The Little Book of Sideways Markets: How to Make Money in Markets that Go Nowhere (Little Books. Big Profits)
Title: The Little Book of Sideways Markets: How to Make Money in Markets that Go Nowhere (Little Books. Big Profits)
Author: Vitaliy N. Katsenelson
BUSINESS ECON KAT
The Little Book of Sideways Markets explains what sideways markets are, discusses how they will impact the market, and provides a framework for stock analysis that takes into account the lingering effects of the Great Recession, the financial conditions crisis of 2008-2009, and the coming impact of the economic conditions in Japan and China.
“It’s hard to talk clearly about investing and make sense to ordinary readers at the same time. Katsenelson gives a lucid explanation of today’s markets with sound advice about how to make money while avoiding the traps that the market sets for exuberant bulls and frightened bears alike.”—Thomas G. Donlan, Barron’s
“A thoroughly enjoyable read. Provides a clear framework for equity investing in today’s ‘sideways’ and volatile markets useful to everyone. Clear thinking and clear writing are not often paired – well done!”—Dick Weil, CEO, Janus Capital Group
“The bible for how to invest in the most tumultuous financial market environment since the Great Depression. A true guidebook for how to build wealth prudently.”—David Rosenberg, Chief Economist & Strategist, Gluskin Sheff + Associates Inc.
“A wonderful, grounded read for new and seasoned investors alike, Katsenelson explains in plain English why volatility and sideways markets are a stock picker’s best friend.”—The Motley Fool, www.Fool.com
Praise for Active Value Investing
“This book reads like a conversation with Vitaliy: deep, insightful, inquisitive, and civilized.”—Nassim Nicholas Taleb, author of The Black Swan
Q&A with Author Vitaliy N. Katsenelson
What approach do you recommend taking in sideways markets?
What I propose in the book (and practice in life) is active value investing. Instead of being a market timer, I’m a buy-and-sell investor, with a focus on valuing individual stocks.
Find stocks that lie within your circle of competence, analyze them as to whether they meet your qualitative criteria (such as competitive advantage, strong balance sheet, high return on capital, shareholder-friendly management. etc.), value them, determine an appropriate margin of safety (discount to fair value, which should be increased in range-bound markets), and you’ll thereby arrive at a price at which you’d want to buy them.
If a stock trades at or below your buy price, buy it; if not, put it on your watch list. When the stock reaches your fair-value level, you don’t hold it, you sell it. Repeat this process over and over again.What is one piece of advice you’d give to readers about investing in sideways markets?
An investor makes money from stock appreciation and dividends. Stock appreciation is driven by P/E expansion and earnings/cash flows growth. If you see an apparent catalyst (news or event) that will force P/E to go up – great! But in my experience I found that it is the apparent absence of a catalyst that creates an undervaluation. Wall Street is fairly short-term oriented, therefore if the stock is undervalued but there is no reason or a catalyst to help it go up in the next quarter or two, it gets dumped.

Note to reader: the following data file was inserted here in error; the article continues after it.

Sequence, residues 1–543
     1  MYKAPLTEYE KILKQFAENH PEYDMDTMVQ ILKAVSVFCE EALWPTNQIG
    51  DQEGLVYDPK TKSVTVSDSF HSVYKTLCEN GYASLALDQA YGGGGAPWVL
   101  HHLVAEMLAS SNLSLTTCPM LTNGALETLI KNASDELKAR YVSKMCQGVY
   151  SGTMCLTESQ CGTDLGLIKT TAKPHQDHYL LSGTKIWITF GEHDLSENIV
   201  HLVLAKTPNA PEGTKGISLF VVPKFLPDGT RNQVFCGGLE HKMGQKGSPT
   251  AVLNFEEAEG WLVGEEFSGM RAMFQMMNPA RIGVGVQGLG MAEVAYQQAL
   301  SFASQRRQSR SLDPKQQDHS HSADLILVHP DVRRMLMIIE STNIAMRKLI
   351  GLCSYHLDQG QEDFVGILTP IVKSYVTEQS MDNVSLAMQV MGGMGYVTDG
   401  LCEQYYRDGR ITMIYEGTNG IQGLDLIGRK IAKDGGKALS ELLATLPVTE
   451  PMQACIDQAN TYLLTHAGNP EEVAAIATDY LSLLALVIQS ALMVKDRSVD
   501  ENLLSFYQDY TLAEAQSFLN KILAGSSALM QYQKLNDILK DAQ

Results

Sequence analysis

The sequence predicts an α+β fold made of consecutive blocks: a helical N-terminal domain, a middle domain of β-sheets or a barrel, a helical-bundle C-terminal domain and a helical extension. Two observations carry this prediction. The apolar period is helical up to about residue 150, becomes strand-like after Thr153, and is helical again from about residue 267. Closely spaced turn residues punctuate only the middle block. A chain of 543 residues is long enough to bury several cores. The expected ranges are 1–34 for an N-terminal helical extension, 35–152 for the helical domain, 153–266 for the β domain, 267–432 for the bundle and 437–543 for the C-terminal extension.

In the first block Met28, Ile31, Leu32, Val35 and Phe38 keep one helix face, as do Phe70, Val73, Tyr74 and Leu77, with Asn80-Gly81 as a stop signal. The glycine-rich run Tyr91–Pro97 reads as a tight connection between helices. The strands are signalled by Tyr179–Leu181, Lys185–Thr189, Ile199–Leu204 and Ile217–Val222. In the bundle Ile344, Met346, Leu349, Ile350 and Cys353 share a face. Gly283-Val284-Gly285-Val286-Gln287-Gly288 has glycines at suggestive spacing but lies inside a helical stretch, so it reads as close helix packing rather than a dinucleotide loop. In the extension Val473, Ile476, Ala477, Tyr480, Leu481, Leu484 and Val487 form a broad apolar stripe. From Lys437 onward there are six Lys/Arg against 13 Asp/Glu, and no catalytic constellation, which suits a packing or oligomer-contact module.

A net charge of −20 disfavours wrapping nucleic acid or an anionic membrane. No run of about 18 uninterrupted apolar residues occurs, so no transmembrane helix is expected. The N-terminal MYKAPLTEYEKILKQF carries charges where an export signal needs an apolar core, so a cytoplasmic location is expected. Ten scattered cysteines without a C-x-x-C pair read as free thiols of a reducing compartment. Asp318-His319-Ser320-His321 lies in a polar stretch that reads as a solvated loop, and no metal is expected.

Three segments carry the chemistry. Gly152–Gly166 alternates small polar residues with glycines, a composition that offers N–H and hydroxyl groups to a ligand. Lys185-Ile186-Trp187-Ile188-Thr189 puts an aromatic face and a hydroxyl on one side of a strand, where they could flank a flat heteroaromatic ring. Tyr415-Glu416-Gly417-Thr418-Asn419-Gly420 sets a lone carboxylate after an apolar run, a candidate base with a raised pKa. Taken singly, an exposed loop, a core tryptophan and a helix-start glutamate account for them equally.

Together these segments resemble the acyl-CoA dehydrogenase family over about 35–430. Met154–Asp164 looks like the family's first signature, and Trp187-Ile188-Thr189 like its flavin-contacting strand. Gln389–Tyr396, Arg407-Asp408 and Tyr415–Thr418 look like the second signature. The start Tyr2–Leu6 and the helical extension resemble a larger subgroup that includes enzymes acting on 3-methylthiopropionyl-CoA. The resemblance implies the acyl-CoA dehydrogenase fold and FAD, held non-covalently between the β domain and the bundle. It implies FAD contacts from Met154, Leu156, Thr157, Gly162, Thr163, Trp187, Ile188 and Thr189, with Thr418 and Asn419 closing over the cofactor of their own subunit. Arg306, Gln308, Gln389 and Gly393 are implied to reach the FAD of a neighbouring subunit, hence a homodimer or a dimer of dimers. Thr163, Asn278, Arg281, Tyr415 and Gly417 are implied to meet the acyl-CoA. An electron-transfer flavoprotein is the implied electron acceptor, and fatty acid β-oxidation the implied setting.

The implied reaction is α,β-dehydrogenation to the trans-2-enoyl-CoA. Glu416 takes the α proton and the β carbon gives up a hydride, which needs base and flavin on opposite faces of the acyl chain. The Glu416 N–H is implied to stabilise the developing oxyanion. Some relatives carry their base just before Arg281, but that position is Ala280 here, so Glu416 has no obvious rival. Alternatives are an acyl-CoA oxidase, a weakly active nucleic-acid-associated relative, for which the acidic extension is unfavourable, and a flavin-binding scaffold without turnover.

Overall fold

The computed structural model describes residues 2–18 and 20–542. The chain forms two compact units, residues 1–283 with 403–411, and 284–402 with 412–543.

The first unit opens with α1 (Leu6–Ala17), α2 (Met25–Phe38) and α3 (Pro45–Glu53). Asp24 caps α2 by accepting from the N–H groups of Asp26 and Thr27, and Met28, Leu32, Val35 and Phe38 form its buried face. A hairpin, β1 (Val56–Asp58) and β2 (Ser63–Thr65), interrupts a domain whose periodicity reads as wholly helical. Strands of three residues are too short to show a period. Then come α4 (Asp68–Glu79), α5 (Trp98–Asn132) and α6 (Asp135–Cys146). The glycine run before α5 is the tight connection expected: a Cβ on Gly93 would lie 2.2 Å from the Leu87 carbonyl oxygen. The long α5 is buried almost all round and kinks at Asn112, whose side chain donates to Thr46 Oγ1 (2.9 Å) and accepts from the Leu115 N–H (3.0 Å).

Here is what I propose. Buy stocks that grow earnings and pay dividends, this will put time on your side—you are getting paid to wait.
Earnings growth is compressing P/E under the stock and dividends are a real time payment for your patience. If a company doesn’t grow earnings and pays little dividend, make sure undervaluation (potential P/E expansion) is significant, or there is a clear catalyst, as time is not on your side in this case. For instance, if you find a stock that is 20 percent undervalued, there is no catalyst, no dividend or earnings growth it is probably not worth buying.What is a “don’t” when it comes to investing in sideways markets?
We need to shield ourselves from the outside world. I am not advocating moving into a cave with no electricity. But we should not allow the outside into our lives unchecked. If we do, the market will become our master, dictating what we do – which is the opposite of what we should be doing. I actively try to isolate myself from influences of the market. I found the most productive time I have is on airplanes, because I can write and think for hours; there is little interference by the outside world. I really try hard to only check the prices of my stocks a few times a day. I have not perfected this yet — we all have bad habits that it takes time to break. But if we are aware of the negative influences the outside world can have on us, there may be hope for changing our behavior.
I usually try to read newspapers and otherwise keep up with the news before I get to the office. Then I try (this is still an effort) to turn off the Wi-Fi switch on my laptop — this kills the internet, including email, Skype, IM, and RSS feeds. I try to recreate a plane-like environment at work. I don’t turn on the TV during the day. And when I do tune back in, I try to listen to more podcasts, and watch PBS more and business TV less. So to answer your question, I think we should create an environment where the outside world doesn’t change (shrink) our time horizon.